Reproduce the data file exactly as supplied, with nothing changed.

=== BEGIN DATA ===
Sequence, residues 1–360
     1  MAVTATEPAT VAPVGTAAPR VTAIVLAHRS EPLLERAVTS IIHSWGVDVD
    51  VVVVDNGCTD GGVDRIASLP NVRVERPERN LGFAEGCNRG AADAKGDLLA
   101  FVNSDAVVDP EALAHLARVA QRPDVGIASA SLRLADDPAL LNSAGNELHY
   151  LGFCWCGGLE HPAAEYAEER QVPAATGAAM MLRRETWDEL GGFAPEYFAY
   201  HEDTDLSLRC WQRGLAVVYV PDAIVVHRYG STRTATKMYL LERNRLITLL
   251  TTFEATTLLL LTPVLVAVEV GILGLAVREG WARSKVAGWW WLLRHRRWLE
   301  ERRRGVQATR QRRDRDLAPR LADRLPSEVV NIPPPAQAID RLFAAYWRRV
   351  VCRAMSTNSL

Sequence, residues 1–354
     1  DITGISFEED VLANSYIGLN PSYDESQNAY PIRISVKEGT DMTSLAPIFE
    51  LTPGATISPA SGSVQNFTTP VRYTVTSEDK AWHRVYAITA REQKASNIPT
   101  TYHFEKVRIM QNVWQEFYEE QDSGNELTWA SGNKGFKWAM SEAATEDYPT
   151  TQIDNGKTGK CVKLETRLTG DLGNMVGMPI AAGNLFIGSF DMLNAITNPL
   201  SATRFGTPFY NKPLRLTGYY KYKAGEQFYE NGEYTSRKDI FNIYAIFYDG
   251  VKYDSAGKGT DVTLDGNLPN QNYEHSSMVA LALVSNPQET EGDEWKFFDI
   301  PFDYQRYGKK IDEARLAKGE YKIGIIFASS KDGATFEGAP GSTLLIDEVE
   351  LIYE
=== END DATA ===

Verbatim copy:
Sequence, residues 1–360
     1  MAVTATEPAT VAPVGTAAPR VTAIVLAHRS EPLLERAVTS IIHSWGVDVD
    51  VVVVDNGCTD GGVDRIASLP NVRVERPERN LGFAEGCNRG AADAKGDLLA
   101  FVNSDAVVDP EALAHLARVA QRPDVGIASA SLRLADDPAL LNSAGNELHY
   151  LGFCWCGGLE HPAAEYAEER QVPAATGAAM MLRRETWDEL GGFAPEYFAY
   201  HEDTDLSLRC WQRGLAVVYV PDAIVVHRYG STRTATKMYL LERNRLITLL
   251  TTFEATTLLL LTPVLVAVEV GILGLAVREG WARSKVAGWW WLLRHRRWLE
   301  ERRRGVQATR QRRDRDLAPR LADRLPSEVV NIPPPAQAID RLFAAYWRRV
   351  VCRAMSTNSL

Sequence, residues 1–354
     1  DITGISFEED VLANSYIGLN PSYDESQNAY PIRISVKEGT DMTSLAPIFE
    51  LTPGATISPA SGSVQNFTTP VRYTVTSEDK AWHRVYAITA REQKASNIPT
   101  TYHFEKVRIM QNVWQEFYEE QDSGNELTWA SGNKGFKWAM SEAATEDYPT
   151  TQIDNGKTGK CVKLETRLTG DLGNMVGMPI AAGNLFIGSF DMLNAITNPL
   201  SATRFGTPFY NKPLRLTGYY KYKAGEQFYE NGEYTSRKDI FNIYAIFYDG
   251  VKYDSAGKGT DVTLDGNLPN QNYEHSSMVA LALVSNPQET EGDEWKFFDI
   301  PFDYQRYGKK IDEARLAKGE YKIGIIFASS KDGATFEGAP GSTLLIDEVE
   351  LIYE